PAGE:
Tuesday, January 23, 2018

Oscar the grouch

Correlating the Oscar nominees with my movie-going reveals a pattern. I've seen 3 of the nominees in the theater, and they were all modern-setting historical dramas based on real-life events about famous people, a currently popular type of movie I have a weakness for. I think they're the only movies I've gone out to see in the last several months.

They were The Post (Best Picture and Best Leading Actress, which it deserved), Darkest Hour (Best Picture, Best Leading Actor, and a bunch of production categories, which it also deserved), and Marshall (Best Original Song: I don't remember it even having a song).

But I also saw one other nominee, and that not in a theater: Mudbound, which I streamed via Netflix on the very computer on which I'm now typing. Mudbound is a kind of story that normally doesn't interest me, about people doing stupid and insensitive things and then getting hit on the side of the head with a clue-by-four, but I'd read that it was well-regarded, so here's the thing: watching it on Netflix is like waiting for the DVD. You can watch it at home, you don't have to spend movie-ticket prices, and above all, if you don't like it you can turn it off without disturbing other people as you leave the theater or feel as if you wasted your time and money going there.

And it was good: I watched the whole thing with captivation, which is far more than I can say for any of the online original TV series I've tried to watch lately.

But it was fear that I'd be trapped in a theater with something I wouldn't like that kept me away from a number of other movies. Three Billboards Outside Ebbing, Missouri, for instance: it's an intriguing premise and the cast is outstanding; but it was written and directed by the same guy who made In Bruges, a movie with an intriguing premise and a good cast but which made for one of the more tedious afternoons I've spent in a moviehouse.

I just don't want to risk going through that again, so I'll wait for the DVDs on Ebbing, and Lady Bird and The Shape of Water and All the Money in the World and I, Tonya, and Roman J. Israel, Esq., all of which I also thought about going to see but didn't.

Two Best Picture nominees I won't watch under any premise: Dunkirk - I don't do big-battle war movies, I just don't - and Get Out - I don't do horror movies, I just don't.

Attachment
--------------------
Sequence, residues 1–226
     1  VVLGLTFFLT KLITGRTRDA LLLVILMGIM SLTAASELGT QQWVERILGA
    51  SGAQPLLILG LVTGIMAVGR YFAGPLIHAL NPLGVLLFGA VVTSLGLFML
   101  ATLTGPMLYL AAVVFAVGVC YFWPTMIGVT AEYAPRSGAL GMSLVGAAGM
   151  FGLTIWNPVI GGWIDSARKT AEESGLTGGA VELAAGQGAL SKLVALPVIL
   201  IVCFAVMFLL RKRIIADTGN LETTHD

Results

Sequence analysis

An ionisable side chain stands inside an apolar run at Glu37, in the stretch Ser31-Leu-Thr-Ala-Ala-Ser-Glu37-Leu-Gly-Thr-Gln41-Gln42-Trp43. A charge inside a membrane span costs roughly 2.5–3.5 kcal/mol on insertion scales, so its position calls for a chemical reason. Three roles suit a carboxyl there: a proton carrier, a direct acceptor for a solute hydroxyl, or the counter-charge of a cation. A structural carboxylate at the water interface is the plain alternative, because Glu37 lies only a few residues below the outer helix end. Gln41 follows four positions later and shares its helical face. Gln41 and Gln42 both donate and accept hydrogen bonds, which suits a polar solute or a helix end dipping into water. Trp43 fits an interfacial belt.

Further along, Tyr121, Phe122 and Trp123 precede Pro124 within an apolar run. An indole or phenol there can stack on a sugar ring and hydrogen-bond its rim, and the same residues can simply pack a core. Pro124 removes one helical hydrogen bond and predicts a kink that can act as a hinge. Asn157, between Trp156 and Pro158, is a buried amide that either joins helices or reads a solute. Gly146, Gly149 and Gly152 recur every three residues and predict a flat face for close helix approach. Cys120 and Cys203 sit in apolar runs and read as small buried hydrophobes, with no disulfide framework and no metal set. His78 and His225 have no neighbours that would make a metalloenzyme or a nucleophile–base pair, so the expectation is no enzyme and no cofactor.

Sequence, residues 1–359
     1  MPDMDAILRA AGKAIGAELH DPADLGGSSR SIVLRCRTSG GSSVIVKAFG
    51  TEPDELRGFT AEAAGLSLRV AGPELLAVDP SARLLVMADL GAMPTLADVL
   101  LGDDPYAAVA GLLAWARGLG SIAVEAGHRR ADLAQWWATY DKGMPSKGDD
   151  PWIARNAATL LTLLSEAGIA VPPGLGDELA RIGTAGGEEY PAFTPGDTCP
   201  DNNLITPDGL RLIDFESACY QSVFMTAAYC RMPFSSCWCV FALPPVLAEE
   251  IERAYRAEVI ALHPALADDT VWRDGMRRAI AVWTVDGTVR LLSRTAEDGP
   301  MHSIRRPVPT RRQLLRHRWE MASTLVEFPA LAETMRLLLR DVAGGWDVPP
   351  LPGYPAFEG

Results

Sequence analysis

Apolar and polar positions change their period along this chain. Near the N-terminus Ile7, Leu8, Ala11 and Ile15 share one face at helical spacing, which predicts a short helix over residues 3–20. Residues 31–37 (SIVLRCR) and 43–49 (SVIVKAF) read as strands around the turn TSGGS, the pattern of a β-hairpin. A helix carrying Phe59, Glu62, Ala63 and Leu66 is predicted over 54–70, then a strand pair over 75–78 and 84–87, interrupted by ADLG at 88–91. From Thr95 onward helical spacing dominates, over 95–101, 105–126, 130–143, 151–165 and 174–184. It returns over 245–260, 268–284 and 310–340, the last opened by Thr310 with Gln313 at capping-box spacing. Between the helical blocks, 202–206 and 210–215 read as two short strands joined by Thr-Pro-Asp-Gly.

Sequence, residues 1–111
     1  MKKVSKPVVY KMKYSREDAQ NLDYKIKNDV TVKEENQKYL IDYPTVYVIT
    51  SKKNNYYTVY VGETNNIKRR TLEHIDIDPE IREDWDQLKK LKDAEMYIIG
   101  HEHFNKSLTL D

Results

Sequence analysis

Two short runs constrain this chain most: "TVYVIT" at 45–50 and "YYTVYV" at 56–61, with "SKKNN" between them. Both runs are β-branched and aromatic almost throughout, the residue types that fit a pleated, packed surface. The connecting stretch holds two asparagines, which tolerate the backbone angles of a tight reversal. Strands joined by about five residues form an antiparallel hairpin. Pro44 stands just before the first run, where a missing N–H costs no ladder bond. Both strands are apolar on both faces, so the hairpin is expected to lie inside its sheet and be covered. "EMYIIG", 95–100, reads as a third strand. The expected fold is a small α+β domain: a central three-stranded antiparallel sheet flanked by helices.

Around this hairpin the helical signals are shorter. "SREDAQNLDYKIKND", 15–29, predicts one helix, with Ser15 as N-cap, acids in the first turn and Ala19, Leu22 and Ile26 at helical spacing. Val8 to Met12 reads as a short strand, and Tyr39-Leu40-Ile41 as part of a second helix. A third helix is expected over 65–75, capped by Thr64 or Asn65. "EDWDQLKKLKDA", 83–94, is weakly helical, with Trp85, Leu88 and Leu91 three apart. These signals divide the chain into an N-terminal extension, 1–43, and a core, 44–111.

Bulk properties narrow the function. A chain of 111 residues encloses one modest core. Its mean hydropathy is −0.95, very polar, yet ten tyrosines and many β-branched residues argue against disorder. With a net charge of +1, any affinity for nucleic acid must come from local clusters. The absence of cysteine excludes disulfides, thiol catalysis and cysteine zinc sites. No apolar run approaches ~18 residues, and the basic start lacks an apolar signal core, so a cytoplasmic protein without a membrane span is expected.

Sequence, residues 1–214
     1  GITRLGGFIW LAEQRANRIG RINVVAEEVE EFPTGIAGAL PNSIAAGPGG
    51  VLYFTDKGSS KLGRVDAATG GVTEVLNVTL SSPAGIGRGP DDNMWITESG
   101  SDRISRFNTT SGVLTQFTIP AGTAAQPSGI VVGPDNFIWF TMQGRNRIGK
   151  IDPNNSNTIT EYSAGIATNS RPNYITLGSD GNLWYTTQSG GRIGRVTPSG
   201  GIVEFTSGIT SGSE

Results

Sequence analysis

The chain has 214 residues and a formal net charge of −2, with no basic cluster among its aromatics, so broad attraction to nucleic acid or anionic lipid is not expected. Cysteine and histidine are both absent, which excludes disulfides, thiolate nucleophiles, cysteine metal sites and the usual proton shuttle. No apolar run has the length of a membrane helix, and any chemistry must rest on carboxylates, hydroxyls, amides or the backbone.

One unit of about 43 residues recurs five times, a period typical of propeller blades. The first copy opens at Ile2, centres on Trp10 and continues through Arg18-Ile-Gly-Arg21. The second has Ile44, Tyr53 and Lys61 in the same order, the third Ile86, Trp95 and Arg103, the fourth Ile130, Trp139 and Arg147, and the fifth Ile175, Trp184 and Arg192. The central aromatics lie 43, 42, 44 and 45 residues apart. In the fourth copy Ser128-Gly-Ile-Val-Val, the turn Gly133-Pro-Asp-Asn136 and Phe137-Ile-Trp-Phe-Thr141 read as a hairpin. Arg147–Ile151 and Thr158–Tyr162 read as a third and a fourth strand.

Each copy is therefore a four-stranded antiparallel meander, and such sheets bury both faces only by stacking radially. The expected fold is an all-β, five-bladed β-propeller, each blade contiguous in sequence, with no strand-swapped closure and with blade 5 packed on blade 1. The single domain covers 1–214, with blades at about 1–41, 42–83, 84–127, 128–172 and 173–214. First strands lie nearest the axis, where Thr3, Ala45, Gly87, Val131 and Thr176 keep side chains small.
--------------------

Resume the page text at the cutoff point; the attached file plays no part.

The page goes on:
So how were the ones I did see? I liked all of them.

I didn't already know the specific story in Marshall, but I was struck - though nothing I've read about the movie has mentioned this - by the similarity of the case Marshall tries to the one in To Kill a Mockingbird (a book not yet written when this takes place). The premise is close to identical, and I'm surprised how, even today, the race-relations side of the story entirely drowns out the sex-relations side.

The Post is impressively historically accurate. Various writers for the New York Times have grumbled about it leaving out the Times more important role in the Pentagon Papers publication, but the movie's opening is misleading: this isn't about the Papers themselves. Due to the course of events, the Post faced a thornier dilemma of journalistic ethics - the Times had already been legally enjoined from publishing; should the Post defy the spirit of the order and go ahead? - and that's the center of the story. The scene where a flustered Graham tells the editors to go ahead is straight out of her memoirs, though it omits the reason for her decision: the paper's lawyer had said he wouldn't do it, but she noticed he provided no justification (the possibility of prosecution, the threat to the stock price), leaving her, she felt, the freedom to go the other way.

As for Darkest Hour, what's the opposite of "pitch-perfect"? "Pitch-imperfect"? This movie is meticulously made in all its physical detail, but the script is continuously slightly off, and sometimes not-so-slightly. The need to paint Churchill as a hero and therefore Halifax (and Chamberlain) as villains infects everything. They were all of them flawed but honorable men doing the best they could, and an honest movie like The Post would reflect that.

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